Manufacturing Bits: Sept. 29

Turning the nano-wrench; 4D printed folding structures.

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Turning the nano-wrench
The University of Vermont has developed a wrench that has linewidth geometries at 1.7nm. The so-called nano-wrench is an atomic-level tool, which could one day be used to create tiny structures and molecules.

The nano-wrench has been devised using a technology called chirality-assisted synthesis (CAS). Chirality is derived from the Greek word for hand. If one holds up their hands, they are identical in structure, but are mirror opposites.

The same is true for molecules. If a molecule is chiral, then the molecule has two enantiomeric forms. They are identical, but are actually different molecules.

Meanwhile, the CAS technology from the University of Vermont enables enantiomerically building blocks. Fully shaped structures can thus be created, even linear chains, according to researchers. Researchers started with a substance found in coal, dubbed anthracene. Then, they assembled C-shaped strips of chiral molecules. The C-shaped strips can join to each other, but in only one geometric orientation.

A blue wrench of molecules adjusts a green bolt (a pillarene ring) that binds a yellow chemical guest. (Image courtesy of Severin Schneebeli)

A blue wrench of molecules adjusts a green bolt (a pillarene ring) that binds a yellow chemical guest. (Image courtesy of Severin Schneebeli)

In effect, the structure is a nano-wrench. The wrench can bind to molecules called pillarene macrocycles. These rings of pillarene can modify other guest chemicals in the middle, according to researchers. As a result, the technology could be used for controlled drug delivery, organic light-emitting substances and other applications. “It’s like a real wrench,” said Severin Schneebeli, a chemist at the University of Vermont, on the university’s Web site.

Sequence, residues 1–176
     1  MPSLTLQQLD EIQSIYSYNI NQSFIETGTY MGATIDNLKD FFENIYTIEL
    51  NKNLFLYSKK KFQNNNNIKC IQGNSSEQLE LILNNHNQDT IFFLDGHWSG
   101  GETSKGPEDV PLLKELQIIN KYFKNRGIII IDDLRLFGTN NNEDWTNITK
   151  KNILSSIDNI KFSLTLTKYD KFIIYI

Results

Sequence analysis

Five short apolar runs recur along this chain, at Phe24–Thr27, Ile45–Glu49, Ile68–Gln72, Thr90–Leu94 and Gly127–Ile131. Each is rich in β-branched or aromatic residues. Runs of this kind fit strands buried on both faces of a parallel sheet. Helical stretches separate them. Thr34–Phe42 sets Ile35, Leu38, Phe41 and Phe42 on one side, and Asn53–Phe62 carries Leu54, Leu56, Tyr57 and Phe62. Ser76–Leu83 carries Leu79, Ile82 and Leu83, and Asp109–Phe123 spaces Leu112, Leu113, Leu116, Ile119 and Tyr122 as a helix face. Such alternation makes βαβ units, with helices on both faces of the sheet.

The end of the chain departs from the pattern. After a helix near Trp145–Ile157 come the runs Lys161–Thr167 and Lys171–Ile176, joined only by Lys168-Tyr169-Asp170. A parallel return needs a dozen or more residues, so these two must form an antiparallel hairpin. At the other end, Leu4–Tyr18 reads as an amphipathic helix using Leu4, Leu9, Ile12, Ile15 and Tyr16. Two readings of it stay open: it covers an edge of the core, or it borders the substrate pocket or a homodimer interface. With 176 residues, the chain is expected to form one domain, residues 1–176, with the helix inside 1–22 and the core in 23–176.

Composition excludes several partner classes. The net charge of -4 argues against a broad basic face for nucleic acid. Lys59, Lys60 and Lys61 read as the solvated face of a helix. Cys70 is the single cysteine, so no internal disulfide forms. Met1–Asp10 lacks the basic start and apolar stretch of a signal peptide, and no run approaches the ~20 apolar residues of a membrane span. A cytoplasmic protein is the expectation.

“Because this kind of molecule is rigid, we can model it in the computer and project how it looks before we synthesize it in the lab,” said theoretical chemist Jianing Li.

“This is a revolutionary idea,” Li said. “We have 100 percent control of the shape, which gives great atomic economy — and lets us know what will happen before we start synthesizing in the lab.”

4D printed folding structures
Georgia Institute of Technology and the Singapore University of Technology and Design have developed a four-dimensional printing technology that creates self-folding structures.

The technology could be used to create structures from specialized materials, based on smart-shape memory polymers (SMP). These materials can respond to temperature, moisture or light.

The technology could one day be used to make space structures, medical devices, robots and toys.

This image shows a folded box, which is intended to simulate a postal mailer. It was made using a 4D printing technology. (Credit: Qi Laboratory)

This image shows a folded box, which is intended to simulate a postal mailer. It was made using a 4D printing technology. (Credit: Qi Laboratory)

Researchers developed digital shape memory polymers. The materials have different shape memory behaviors. The behavior of each polymer activates when the structure is subjected to a temperature. And carefully timing these changes, the structures can be programmed to self-assemble.

“Previous efforts to create sequential shape changing components involved placing multiple heaters at specific regions in a component and then controlling the on-and-off time of individual heaters,” said Jerry Qi, a professor in the George W. Woodruff School of Mechanical Engineering at Georgia Tech, on the university’s Web site. “This earlier approach essentially requires controlling the heat applied throughout the component in both space and time and is complicated. We turned this approach around and used a spatially uniform temperature which is easier to apply and then exploited the ability of different materials to internally control their rate of shape change through their molecular design.”

Martin Dunn, a professor at Singapore University of Technology and Design, added: “We have exploited the ability to 3-D print smart polymers and integrate as many as ten different materials precisely into a 3-D structure. We are now extending this concept of digital SMPs to enable printing of SMPs with dynamic mechanical properties that vary continuously in 3-D space.”